SiC Modules Accelerate High Power Energy Infrastructure Design

Provided by Mouser Electronics

Power conversion is an essential function in almost every design, from low-power IoT sensors to high-power solar inverters. Trends such as using renewable energy sources and the growth of electric vehicle adoption demand efficient and reliable energy conversion. This article highlights some of these trends, explores the electronics engineering challenges, and explains how wide bandgap silicon carbide (SiC) technology has quickly gained adoption. Thanks to its efficiency and size advantages over other semiconductor process technologies, SiC is ideal for use in high-power applications.

We focus on one application – a fast DC EV charger- and discuss a typical charger’s engineering challenges and high-level architecture. The design considerations of a discrete v. modular approach is discussed briefly, followed by a showcase of the onsemi F1 half-bridge module.

The Challenges of High-Power Energy Conversion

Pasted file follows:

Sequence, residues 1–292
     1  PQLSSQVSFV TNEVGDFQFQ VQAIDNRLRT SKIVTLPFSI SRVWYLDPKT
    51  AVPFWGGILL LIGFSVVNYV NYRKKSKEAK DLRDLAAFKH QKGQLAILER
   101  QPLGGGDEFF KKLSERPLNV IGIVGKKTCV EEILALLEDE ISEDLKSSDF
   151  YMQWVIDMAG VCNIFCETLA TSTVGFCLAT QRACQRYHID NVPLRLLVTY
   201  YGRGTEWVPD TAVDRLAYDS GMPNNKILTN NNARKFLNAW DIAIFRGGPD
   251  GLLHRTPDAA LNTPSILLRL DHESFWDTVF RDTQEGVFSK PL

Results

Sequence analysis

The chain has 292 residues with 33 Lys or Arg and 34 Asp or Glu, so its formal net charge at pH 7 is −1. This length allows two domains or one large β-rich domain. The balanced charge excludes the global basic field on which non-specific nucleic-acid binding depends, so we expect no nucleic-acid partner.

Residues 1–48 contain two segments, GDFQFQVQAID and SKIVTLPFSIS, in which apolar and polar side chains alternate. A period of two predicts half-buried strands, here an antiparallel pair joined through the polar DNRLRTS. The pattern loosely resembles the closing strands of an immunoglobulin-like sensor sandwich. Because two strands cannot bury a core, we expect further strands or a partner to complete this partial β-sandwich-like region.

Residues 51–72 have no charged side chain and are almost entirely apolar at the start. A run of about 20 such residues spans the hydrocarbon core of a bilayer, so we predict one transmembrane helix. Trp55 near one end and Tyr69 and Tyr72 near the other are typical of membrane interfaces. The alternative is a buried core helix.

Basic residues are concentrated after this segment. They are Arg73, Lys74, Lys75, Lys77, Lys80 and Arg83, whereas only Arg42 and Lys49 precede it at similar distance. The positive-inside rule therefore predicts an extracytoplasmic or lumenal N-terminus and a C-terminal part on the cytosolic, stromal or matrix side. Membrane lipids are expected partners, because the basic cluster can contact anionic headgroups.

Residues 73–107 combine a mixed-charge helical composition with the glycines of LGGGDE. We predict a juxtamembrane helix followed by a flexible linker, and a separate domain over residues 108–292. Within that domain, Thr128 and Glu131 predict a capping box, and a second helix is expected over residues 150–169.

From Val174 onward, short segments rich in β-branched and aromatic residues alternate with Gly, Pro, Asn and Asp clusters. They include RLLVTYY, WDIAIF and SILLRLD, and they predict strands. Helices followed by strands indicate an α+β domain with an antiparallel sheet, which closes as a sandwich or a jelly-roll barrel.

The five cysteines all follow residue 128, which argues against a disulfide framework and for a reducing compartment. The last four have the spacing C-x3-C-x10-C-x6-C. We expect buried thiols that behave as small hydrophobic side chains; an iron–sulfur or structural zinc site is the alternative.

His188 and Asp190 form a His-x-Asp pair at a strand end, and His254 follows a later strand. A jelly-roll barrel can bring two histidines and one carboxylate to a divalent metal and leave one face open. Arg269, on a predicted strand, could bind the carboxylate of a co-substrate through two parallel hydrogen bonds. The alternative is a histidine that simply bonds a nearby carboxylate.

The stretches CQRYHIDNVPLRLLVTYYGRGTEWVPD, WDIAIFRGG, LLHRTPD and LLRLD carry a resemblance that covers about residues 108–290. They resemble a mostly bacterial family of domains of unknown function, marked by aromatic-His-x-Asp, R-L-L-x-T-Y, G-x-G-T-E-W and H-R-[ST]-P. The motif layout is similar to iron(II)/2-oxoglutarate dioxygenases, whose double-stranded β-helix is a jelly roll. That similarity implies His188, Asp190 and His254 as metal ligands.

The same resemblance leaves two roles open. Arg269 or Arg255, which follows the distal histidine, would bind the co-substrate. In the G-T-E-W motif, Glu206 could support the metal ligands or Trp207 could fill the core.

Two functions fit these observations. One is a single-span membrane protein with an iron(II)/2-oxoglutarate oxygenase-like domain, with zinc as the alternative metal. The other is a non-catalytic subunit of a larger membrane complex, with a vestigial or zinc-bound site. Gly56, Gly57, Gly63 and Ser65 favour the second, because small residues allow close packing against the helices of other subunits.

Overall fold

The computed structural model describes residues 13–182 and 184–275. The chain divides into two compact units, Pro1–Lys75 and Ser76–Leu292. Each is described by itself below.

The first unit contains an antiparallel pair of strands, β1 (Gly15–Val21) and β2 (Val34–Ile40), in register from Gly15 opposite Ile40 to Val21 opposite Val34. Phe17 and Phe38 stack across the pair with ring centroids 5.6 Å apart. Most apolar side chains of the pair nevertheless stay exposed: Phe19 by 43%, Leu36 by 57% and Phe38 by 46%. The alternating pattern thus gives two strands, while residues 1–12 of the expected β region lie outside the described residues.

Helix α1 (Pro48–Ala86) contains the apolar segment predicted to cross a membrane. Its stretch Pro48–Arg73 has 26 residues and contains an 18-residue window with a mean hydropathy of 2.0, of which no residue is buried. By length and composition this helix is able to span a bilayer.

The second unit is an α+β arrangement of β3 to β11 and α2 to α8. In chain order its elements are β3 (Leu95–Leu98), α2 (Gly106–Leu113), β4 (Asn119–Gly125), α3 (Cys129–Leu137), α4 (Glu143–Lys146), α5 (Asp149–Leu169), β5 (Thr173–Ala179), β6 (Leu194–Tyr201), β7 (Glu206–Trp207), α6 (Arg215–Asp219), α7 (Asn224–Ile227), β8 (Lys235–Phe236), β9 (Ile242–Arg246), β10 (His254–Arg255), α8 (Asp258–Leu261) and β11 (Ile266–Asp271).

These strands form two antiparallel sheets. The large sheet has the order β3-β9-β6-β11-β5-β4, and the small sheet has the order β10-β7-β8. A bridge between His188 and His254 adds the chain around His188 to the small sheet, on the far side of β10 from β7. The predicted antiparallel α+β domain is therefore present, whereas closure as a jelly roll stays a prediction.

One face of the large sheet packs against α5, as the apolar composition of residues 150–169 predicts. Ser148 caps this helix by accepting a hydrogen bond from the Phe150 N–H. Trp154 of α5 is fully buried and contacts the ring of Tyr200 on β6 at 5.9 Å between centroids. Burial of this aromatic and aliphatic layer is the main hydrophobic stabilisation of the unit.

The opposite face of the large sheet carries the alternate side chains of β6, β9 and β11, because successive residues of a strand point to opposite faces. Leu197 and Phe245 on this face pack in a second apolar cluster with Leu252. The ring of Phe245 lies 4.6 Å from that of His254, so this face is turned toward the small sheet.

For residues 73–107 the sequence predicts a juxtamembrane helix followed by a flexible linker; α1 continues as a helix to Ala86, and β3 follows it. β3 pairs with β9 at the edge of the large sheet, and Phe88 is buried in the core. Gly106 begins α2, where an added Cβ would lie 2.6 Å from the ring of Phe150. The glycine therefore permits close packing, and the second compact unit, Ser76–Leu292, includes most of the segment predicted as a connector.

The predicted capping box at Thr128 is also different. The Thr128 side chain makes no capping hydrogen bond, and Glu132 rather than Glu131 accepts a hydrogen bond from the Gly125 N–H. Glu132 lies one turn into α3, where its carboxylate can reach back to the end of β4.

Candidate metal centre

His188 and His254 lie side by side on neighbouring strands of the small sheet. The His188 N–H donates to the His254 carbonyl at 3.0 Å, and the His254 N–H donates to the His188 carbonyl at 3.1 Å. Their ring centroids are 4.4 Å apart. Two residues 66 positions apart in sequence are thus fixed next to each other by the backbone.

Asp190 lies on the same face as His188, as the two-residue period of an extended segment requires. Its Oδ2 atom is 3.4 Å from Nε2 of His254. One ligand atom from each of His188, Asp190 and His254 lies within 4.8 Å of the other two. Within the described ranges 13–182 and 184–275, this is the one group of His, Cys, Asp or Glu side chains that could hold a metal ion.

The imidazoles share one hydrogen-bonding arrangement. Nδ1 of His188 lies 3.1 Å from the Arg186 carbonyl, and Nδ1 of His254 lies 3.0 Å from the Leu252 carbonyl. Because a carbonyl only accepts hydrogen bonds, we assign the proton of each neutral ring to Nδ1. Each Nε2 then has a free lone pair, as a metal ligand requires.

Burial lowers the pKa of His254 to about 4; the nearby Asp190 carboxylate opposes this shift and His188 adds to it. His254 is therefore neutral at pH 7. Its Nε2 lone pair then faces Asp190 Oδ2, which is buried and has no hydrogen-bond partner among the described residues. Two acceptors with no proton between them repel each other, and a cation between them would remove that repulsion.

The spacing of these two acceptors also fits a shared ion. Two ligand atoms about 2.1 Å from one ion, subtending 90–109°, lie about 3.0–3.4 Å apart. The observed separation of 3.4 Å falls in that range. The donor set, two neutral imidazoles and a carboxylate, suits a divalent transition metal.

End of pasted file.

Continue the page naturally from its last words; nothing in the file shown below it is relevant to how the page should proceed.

Power conversion is a broad topic. Power conversion and management is as essential for a battery-powered edge node IoT sensor as it is for a large commercial solar power converter. The difference between them is the level of power involved. The sensor may be only drawing a few milliwatts during operation compared to potentially thousands of watts for the solar power unit. Power conversion is vital in converting from one voltage level to another. For example, the IoT sensor’s microcontroller typically sets the voltage requirement, with 3.3 V or 5 V being popular. However, the nominal voltages of battery chemistry often used for this application provide 3.7 V. The same applies to higher power applications such as solar charge converters, uninterruptable power supplies, and electric vehicle chargers. Conversion from one voltage to another is, therefore, required. Despite the vast power differences between these application examples, conversion efficiency is crucial. In high-power conversion applications, an inefficient power conversion results in energy losses that manifest as heat. Too much waste heat requires dissipation to keep the electronic circuitry cool and to work reliably. Dissipating the heat and drawing it away from the power conversion semiconductors is a thermal challenge.

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